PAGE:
BOSTON, USA: Mobile phones are getting thinner, and customers can rely on their mobile phone batteries lasting longer, according to the Strategy Analytics SpecTRAX database service report, “Average Phone Thickness Drops below 14mm for July 2009 Announcements.”
The SpecTRAX service of Strategy Analytics tracks handset announcements from over 150 mobile phone brands and vendors globally across all air interfaces. SpecTRAX currently comprises detailed specifications for over 9,000 handset models with over a million data points.
During July 2009 a total of 109 new handsets were announced somewhere in the world, including 9 phones from LG and 11 from Samsung, one of which was the new Android-based GT-i7500L. Only basic details were available for most of these phones, but, analysis of the 53 models for which specifications were available has determined that:
* Average mobile phone thickness was 13.96 mm in July, the lowest figure on record;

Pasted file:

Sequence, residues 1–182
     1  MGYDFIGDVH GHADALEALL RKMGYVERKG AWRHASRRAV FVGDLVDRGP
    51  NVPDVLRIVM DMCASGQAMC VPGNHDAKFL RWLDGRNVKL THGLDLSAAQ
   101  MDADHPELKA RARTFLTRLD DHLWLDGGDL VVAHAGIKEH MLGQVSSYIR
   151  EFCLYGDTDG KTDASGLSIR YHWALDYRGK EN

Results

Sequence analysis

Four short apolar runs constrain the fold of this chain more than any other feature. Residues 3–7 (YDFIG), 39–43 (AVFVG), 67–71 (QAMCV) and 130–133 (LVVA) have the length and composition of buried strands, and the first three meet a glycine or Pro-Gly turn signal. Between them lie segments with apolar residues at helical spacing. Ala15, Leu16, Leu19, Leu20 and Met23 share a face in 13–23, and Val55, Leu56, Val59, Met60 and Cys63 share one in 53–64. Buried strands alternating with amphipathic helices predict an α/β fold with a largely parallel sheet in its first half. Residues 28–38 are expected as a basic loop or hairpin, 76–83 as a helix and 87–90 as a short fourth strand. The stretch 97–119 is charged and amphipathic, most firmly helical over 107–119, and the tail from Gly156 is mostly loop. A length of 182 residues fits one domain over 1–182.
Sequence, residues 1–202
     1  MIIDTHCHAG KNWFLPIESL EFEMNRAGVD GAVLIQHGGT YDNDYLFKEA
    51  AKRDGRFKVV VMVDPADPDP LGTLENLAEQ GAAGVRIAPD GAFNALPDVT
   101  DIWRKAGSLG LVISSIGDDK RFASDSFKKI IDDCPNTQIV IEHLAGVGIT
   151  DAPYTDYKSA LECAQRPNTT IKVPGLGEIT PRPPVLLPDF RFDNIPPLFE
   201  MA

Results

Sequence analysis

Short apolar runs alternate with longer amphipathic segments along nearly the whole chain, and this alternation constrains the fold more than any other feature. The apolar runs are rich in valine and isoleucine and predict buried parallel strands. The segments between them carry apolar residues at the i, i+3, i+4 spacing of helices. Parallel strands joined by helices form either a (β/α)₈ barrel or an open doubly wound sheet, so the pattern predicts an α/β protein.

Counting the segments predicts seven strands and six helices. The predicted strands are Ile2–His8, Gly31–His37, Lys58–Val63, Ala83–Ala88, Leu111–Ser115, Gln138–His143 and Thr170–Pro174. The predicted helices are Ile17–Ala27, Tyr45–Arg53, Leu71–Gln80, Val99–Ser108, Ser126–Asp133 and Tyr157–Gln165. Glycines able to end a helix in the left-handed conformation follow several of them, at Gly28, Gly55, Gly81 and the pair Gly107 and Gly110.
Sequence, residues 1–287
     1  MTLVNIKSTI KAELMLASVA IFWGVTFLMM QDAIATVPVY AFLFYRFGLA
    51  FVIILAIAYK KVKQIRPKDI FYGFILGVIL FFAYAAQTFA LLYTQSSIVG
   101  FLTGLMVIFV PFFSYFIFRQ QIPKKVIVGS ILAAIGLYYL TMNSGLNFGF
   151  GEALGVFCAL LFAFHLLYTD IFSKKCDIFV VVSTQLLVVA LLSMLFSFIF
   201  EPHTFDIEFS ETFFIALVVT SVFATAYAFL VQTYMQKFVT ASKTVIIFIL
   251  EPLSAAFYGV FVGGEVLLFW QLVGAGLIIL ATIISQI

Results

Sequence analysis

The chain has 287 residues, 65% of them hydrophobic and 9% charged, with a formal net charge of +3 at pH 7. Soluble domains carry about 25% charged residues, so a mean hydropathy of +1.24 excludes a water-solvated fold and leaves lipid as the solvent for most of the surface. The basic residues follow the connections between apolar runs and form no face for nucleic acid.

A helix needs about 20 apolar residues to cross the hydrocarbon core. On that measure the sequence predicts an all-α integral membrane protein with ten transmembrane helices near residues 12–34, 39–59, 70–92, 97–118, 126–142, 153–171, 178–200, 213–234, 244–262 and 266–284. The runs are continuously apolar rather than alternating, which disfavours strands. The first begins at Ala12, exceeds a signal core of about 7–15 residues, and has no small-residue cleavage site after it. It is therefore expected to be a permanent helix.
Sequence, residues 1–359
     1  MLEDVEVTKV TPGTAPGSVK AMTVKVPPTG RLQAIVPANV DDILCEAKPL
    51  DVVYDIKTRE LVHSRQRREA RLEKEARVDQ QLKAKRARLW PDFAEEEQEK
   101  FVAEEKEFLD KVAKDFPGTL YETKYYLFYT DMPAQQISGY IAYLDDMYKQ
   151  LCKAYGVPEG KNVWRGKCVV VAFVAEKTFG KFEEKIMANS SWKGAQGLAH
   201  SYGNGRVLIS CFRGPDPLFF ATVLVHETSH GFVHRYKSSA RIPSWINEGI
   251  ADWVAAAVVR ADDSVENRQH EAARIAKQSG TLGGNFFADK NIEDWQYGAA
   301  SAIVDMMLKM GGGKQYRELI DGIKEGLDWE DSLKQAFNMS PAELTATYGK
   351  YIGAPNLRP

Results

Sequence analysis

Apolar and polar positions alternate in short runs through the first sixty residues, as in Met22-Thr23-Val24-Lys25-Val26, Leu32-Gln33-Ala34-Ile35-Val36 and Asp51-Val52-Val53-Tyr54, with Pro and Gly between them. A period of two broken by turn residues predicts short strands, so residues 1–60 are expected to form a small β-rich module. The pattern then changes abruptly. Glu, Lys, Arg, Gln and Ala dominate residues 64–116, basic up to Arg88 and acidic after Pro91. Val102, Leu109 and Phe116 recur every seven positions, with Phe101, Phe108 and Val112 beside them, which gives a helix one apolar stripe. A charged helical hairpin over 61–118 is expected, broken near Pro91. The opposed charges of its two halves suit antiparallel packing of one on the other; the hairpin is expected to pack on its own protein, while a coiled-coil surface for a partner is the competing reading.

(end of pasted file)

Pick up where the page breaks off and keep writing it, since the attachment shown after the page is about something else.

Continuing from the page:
* USB support appears in 85 percent of all the new handsets, another high, and up from 60 percent two years ago;
* 87 percent of new phones contain a memory card slot--this number is up from 71 percent, two years ago;
* Despite the shift to 3G networks, batteries on this new crop of phones last, on average, more than 25 percent longer than models from two years ago.
Stuart Robinson, Director of the SpecTRAX handset database service, said, "Strategy Analytics notes that feature penetration continues to grow, while size and weight continue to decline, partly due to advancements in semiconductor integration and packaging techniques. The trend toward thinner handsets may slow down soon as the compromise between small size and robustness becomes more of a factor.”